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1914-1916; Nearly all of the 10,000 horses the government acquired for the New Zealand Expeditionary Force

1915 Horses aboard Troop Transport Knight Templar bound for Egypt - NZ

650 officers and enlisted men of a Cavalry unit created this human representation of a horse head, 1910s

Camp Cody, New Mexico, 650 officers and enlisted men of the Auxiliary Remount Depot No a cavalry unit, created this human horse head in tribute to the horses lost in WWI.

Horse Gas Mask A docile horse wears a gas mask as a precaution against gas attacks, on March 27, 1940. It was developed by "Our Dumb Friends League," a humane society in London, England. (AP Photo

50 Weird And Awesome Inventions From The Consumer Golden Age

Horse Gas Mask A docile horse wears a gas mask as a precaution against gas attacks, on March It was developed by "Our Dumb Friends League," a humane society in London, England.

A French soldier holds on to a dog wearing a gas mark during the First World War

How a messenger dog called Satan dodged German fire in a gas mask

vintage everyday: Against Threat of Chemical Warfare – Vintage Photos Show Dogs Wearing Gas Masks during the Wars

Elephants as war workers Surprisingly elephants were used during WW1 as military auxiliaries. This image was taken in Sheffield. The elephant is providing vital help with war work and hauling 8-ton loads. Due to the lack of horses, elephants were taken from zoos and circuses during WW1 and put to work.

Elephants provided vital help with war work and hauling loads. Due to the lack of horses, elephants were taken from zoos and circuses and put to work

This image from World War I shows mules transporting aerial torpedoes through the Argonne Forest in France. They are being led by French troops. Mules along with horses were vital on the Western Front. They had extraordinary stamina even in severe weather conditions. They were often the only means of getting supplies to the front and getting guns and torpedoes moved from place to place through difficult terrain.

Mules transporting aerial torpedoes through the Argonne Forest in France.

Caring for horses in WW1 - BBC site

Who were the real war horses of WW1?

Man nature conflict consequences essayshark One of the consequences of man and nature conflict is global warming. Another consequence is extinction of important animal and plant life.

BILL THE BASTARD - Australia's greatest War Horse and a Legend of Gallipoli and the Battle of Romani  BILL the Bastard was fractious, fierce and built like a rhinoceros. He was the unbreakable horse, the one paired with inexperienced city-types who came to war, for the pleasure of watching them fall off his saddle in seconds. But Bill became a Great War legend, famed for his incredible stamina and for saving many soldiers’ lives.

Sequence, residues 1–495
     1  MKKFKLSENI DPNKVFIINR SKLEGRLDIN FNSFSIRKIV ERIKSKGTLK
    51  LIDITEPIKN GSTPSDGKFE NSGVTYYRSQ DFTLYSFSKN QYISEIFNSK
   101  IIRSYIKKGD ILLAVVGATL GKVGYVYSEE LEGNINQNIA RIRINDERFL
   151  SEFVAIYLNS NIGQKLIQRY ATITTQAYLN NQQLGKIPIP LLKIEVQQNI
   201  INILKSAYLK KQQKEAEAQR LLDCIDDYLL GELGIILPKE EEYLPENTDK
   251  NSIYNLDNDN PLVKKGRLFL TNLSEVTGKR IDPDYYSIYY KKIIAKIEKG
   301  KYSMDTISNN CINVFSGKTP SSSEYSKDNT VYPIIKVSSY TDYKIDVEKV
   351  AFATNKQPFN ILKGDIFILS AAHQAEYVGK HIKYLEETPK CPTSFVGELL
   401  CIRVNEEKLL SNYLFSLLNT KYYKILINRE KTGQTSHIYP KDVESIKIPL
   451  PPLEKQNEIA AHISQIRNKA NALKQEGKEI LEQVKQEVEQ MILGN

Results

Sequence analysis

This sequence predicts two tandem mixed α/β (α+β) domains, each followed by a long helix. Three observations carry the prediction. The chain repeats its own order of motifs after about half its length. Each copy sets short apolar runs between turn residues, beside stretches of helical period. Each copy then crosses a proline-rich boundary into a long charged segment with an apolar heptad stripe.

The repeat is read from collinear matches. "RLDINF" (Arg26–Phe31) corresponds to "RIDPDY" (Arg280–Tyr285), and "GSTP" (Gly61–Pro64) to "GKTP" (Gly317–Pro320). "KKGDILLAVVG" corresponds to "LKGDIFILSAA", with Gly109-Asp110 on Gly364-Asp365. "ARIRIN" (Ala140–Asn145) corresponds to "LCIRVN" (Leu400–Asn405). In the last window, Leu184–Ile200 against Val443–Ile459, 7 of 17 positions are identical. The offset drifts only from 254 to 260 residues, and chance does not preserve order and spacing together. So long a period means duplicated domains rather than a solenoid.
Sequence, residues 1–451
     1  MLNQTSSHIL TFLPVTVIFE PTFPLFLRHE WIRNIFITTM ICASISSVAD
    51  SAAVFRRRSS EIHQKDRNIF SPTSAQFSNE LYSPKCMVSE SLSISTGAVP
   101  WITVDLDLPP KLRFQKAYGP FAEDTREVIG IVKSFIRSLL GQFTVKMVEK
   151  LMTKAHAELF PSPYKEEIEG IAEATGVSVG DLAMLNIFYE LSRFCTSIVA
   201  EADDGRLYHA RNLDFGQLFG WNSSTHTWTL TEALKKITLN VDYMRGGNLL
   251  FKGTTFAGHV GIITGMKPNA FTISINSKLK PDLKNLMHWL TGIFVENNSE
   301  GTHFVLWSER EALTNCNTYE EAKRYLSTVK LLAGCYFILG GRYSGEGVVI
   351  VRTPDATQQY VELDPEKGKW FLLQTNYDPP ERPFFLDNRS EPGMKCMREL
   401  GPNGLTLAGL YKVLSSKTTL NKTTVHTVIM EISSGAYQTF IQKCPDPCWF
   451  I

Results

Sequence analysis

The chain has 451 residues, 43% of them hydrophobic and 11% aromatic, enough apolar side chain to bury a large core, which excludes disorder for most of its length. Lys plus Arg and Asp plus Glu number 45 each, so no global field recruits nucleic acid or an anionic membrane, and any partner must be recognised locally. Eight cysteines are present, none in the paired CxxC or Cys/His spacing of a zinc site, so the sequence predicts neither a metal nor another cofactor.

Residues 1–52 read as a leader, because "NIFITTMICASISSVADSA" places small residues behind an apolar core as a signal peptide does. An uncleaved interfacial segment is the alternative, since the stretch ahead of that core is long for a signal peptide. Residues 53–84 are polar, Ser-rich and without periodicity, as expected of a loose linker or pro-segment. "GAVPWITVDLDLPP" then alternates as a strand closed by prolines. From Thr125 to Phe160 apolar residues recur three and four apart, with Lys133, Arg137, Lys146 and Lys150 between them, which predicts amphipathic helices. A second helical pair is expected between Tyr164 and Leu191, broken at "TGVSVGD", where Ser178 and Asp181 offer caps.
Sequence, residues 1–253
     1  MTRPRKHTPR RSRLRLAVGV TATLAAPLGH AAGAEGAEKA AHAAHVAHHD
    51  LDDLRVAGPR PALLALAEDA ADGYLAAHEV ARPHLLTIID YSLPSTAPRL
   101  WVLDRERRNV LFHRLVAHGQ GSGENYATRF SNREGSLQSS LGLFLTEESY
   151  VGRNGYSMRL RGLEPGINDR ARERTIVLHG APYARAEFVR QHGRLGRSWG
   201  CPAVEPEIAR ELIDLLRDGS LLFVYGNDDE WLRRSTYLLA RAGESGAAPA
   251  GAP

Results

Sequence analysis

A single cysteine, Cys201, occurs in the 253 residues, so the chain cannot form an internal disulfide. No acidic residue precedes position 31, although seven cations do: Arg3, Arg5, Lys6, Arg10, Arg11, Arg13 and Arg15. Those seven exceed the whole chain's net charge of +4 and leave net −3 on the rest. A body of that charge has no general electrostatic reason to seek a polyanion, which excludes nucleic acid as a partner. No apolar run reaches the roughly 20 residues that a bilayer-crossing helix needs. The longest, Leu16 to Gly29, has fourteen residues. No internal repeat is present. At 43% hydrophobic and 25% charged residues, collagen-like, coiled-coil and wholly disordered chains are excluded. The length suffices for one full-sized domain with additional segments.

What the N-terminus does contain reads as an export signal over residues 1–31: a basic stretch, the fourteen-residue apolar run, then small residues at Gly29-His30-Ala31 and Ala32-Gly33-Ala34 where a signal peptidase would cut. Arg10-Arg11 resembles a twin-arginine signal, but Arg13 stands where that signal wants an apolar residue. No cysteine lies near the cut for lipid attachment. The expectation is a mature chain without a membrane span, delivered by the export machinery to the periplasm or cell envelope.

Bill The Bastard Like all horses of the light horse brigade, Bill the Bastard was a breed of horse known as a Waler. Major Michael Shanahan’s mount, he was well known for bucking when being asked to gallop.

19 October 1917. Western Front (Belgium), Ypres Area, Potijze. A typical illustration of the difficulties encountered in the Ypres Sector in Belgium, in transporting supplies to the forward areas. A mule team is seen here trying to get out of the mud on a track near Potijze Farm. Note the mule on the left is knee deep in mud.     Australian War Memorial, Canberra (Australia).

scrapironflotilla: A typical illustration of the difficulties encountered in the Ypres Sector in Belgium, in transporting supplies to the forward areas. A mule team is seen here trying to get out of the mud on a track near Potijze Farm.

A great example of the horses ability to pull through artillery through muddy fields in WW1. This is from Ypres where the mud was so deep without wooden planks most of the fields were impassable. Horses were still used by the Cavalry in WW1 where weapons were not as sophisticated or ranged as WW2.

General Scenes on the Western Front during the First World War: Battle of Ypres, 1917 (The First World War Poetry Digital Archive)

The First World War: German horse gas masks being used by transport horses. Note the absence of protection for the horses' eyes reflecting the animals' less vulnerability to the effects of gas.

The First World War: German horse gas masks being used by transport horses. Note the absence of protection for the horses' eyes reflecting the animals' less vulnerability to the effects of gas. Photo b/w, riding soldier, 2 horses, heste, history.

Wounded horses arriving at No. 5 Veterinary Hospital at Abbeville, 22 April 1918. © IWM (Q 10295)

Wounded horses arriving at No. 5 Veterinary Hospital at Abbeville, 22 April 1918

Horses, World War, Horse

The story of the horses' suffering is now well known, thanks to Michael Morpurgo's novel War Horse - and the hugely successful play that brings it so brilliantly to life with its utterly convincing horse puppets

Machine-gunned. Bombed in his stable. Buried alive: The war horse the Germans couldn't kill

Simon Butler/Rex USA Cavalrymen and their heavily laden horses rest in a shell hole and wait to move up to the front.

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